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Melding musical worlds with Seffarine

From Fez to Spain to Oregon, a "transcendent" evening of Moroccan and flamenco music at The Reser: A photo essay.


The ensemble Seffarine, performing at the Patricia Reser Center for the Arts, in Beaverton. From left: Manuel Guttierez, Damian Erskine, Lamie Naki, Nat Hulskamp, Bobak Salehi. All photos by Joe Cantrell.

“At a momentous first meeting at a coffee shop in Fez,” the group Seffarine declares on its website, “Moroccan vocalist Lamiae Naki and multi-instrumentalist Nat Hulskamp composed their first song and decided to get married.”

It might not be the usual way to start either a musical or a marital alliance, but it’s worked out very well. Gathering at what E.E. Bradman of Bass Player Magazine calls the “gorgeous intersection of Spanish flamenco, Arabic and Andalusian music, Persian classical, and jazz,” the ensemble nimbly explores the musical traditions of both sides of the Strait of Gibraltar with a culturally rooted yet thoroughly contemporary nod to the long period between the 9th and 15th centuries when Muslim, Jewish, and Christian cultures lived side by side and largely peacefully on the Iberian Peninsula, influencing one another’s cultures, including musically.

“Although we all have training in the traditional musical cultures represented in the group — Spanish flamenco, Persian classical, North African and Arab Andalusian — our music is a contemporary reflection of the centuries of exchange that happened at the mouth of the Mediterranean,” Hulskamp says. “Morocco and Spain — Africa and Europe — are only separated by a few miles at the Straits of Gibraltar, and of course this made Morocco a crossroad of Arabic, Iberian, Amazigh, Sephardic and West African music. Although Lamiae and I write the music, everyone in the group has learned a lot about each other’s traditions, which while giving color and texture to the music, also gives our originals a unified sound, rather than a patchwork.”

Naki was born in the old Moroccan city of Fez, where she began singing at an early age, learning Moroccan and flamenco music and eventually also studying classical Turkish singing in Istanbul. Hulskamp was born in Portland, where he began studying with acoustic guitar master Paul Chasman as a teenager. He soon began to study flamenco guitar as well, and then, in Morocco, the oud.

Rhythms are an integral part of the ensemble’s music-making: The name Seffarine comes from “the ancient metalworking square in Fez, which is famous for the complex rhythms that ring out from the blacksmiths’ hammers.”

Joining Naki and Hulskamp for a Friday evening performance April 21 at the Patricia Reser Center for the Arts in Beaverton were Persian instrumentalist Bobak Salehi (kamancheh, sehtar, violin, tar), bassist Damian Erskine, and flamenco dancer Manuel Gutierrez. Moroccan singers Randa Benaziz and Hanan Banzi joined the group for a pair of songs in its second set.

Seffarine, which is based in Portland but tours frequently, is on the road again after its Friday performance at The Reser. After a cross-country swing to Asheville, N.C., in early May, the group will return to the Northwest for guest appearances with flamenco star Antonio Rey in Portland May 18 and Seattle May 19, and a concert at The Jazz Station in Eugene on July 19.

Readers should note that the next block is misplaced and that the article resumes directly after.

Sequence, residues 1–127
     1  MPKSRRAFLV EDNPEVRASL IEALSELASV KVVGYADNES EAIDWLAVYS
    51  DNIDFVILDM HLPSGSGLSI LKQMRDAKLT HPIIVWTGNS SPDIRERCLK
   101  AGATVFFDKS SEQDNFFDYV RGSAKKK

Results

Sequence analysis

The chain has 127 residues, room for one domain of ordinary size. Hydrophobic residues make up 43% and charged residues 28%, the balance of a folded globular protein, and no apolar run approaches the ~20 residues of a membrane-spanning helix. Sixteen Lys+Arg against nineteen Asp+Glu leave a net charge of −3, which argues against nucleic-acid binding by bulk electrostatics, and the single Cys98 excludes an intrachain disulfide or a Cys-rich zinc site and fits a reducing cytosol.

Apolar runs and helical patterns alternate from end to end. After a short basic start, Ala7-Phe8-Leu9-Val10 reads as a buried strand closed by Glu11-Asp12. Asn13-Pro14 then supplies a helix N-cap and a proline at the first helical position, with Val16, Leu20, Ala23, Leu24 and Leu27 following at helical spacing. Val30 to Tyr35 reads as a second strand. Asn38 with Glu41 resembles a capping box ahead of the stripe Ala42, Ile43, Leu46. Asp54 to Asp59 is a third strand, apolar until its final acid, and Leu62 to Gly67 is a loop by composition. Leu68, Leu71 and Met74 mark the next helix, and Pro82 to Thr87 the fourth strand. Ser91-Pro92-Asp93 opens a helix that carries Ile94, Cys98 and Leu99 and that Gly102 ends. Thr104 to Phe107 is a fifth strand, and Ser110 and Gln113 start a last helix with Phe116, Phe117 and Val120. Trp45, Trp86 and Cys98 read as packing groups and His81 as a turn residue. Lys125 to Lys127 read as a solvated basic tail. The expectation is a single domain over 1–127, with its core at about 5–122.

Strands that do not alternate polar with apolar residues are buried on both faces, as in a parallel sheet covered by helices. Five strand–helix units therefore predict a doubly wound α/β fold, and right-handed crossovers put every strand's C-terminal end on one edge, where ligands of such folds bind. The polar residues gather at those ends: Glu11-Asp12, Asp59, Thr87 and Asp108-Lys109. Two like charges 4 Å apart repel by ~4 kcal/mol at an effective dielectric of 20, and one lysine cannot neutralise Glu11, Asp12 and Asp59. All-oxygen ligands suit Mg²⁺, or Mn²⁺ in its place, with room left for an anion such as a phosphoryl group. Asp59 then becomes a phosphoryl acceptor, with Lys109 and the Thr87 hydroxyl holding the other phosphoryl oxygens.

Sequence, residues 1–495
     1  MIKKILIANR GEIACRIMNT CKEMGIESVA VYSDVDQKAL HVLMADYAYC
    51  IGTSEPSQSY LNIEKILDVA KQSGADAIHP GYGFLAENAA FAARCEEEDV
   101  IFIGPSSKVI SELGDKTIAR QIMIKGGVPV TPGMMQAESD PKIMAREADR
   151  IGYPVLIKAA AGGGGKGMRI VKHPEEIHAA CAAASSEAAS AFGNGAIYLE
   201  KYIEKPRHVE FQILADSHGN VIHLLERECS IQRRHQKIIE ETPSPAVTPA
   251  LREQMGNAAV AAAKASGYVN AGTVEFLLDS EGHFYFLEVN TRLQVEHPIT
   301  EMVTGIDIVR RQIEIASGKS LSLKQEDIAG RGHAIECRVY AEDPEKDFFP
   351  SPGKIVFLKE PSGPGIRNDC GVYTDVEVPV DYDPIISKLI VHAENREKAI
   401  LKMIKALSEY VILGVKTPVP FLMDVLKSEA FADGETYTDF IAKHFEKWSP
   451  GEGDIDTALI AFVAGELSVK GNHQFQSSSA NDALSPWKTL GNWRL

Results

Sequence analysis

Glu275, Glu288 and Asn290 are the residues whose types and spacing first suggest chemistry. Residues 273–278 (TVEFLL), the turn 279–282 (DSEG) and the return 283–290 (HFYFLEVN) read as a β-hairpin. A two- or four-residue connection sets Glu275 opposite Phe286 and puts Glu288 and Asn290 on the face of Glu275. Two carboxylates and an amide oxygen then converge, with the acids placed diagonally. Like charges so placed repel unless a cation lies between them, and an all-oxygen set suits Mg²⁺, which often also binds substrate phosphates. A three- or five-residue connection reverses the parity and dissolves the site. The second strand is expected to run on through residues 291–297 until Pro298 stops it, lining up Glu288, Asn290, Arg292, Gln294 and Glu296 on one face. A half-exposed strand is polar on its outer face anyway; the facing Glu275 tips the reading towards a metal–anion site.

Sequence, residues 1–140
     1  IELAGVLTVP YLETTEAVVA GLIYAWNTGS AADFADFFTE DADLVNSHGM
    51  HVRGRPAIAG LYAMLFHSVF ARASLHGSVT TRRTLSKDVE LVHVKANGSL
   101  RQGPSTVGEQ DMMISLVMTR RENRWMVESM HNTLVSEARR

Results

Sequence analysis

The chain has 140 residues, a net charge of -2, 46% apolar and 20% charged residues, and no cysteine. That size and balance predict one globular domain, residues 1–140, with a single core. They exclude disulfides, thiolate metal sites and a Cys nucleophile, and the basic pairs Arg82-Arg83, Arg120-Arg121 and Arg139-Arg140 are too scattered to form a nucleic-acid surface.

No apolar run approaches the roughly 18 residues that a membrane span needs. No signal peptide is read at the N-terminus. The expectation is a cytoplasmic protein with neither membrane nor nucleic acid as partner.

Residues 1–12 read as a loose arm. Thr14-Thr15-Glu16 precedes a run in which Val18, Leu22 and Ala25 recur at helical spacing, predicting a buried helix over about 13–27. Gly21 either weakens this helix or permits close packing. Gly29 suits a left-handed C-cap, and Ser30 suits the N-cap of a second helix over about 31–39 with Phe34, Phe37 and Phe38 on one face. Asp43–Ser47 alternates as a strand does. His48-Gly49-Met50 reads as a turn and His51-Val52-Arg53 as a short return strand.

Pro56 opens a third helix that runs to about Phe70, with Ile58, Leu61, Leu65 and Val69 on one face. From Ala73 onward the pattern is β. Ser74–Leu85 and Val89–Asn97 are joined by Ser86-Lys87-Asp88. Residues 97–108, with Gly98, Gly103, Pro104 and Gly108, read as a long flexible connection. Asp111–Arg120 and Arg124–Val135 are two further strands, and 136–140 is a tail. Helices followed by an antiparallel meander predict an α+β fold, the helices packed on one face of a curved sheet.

Photographer Joe Cantrell was on hand to capture the sights and sounds at Seffarine’s Reser Center show. On an evening of sublime music (the concert was “transcendent,” Cantrell says; “my heart is still full”) here are a few of the things he heard and saw.

— The Editors

The Voices

Lamiae Naki, Seffarine’s lead singer, a native of the ancient Moroccan city of Fez.
Flamenco dancer and singer Manuel Gutierrez joins Lamiae Naki.
Instrumentalist Bobak Salehi joined in on the singing, too.
Lamiae Naki leans close into the microphone.

The Hands

Singer Lamiae Naki accompanies herself with hand-held rhythmic sounds.
Dancer Manuel Gutierrez employing the dramatic hand gestures of flamenco.
Lamiae Naki claps out the rhythm.
Hands in a blur as they slap out the beat.
Flamenco dancer Manuel Gutierrez spreads his arms and encompasses the room.

The Instruments

Bobak Salehi playing the narrow-necked Persian lute called the sehtar.
Bobak Salehi playing the Persian kamancheh, or spike fiddle.
Seffarine co-founder Nat Hulskamp on flamenco guitar.
Multi-instrumentalist Bobak Salehi on violin.

The Sounds

I spent my first 21 years in Tahlequah, Cherokee County, Oklahoma, assuming that except for a few unfortunate spots, ‘everybody’ was part Cherokee, and son of the soil. Volunteered for Vietnam because that’s what we did. After two stints, hoping to gain insight, perhaps do something constructive, I spent the next 16 years as a photojournalist in Asia, living much like the lower income urban peasants and learning a lot. Moved back to the USA in 1986, tried photojournalism and found that the most important subjects were football and basketball, never mind humankind. In 1992, age 46, I became single dad of my 3-year-old daughter and spent the next two decades working regular jobs, at which I was not very good, to keep a roof over our heads, but we made it. She’s retail sales supervisor for Sony, Los Angeles. Wowee! The VA finally acknowledged that the war had affected me badly and gave me a disability pension. I regard that as a stipend for continuing to serve humanity as I can, to use my abilities to facilitate insight and awareness, so I shoot a lot of volunteer stuff for worthy institutions and do artistic/scientific work from our Cherokee perspective well into many nights. Come along!

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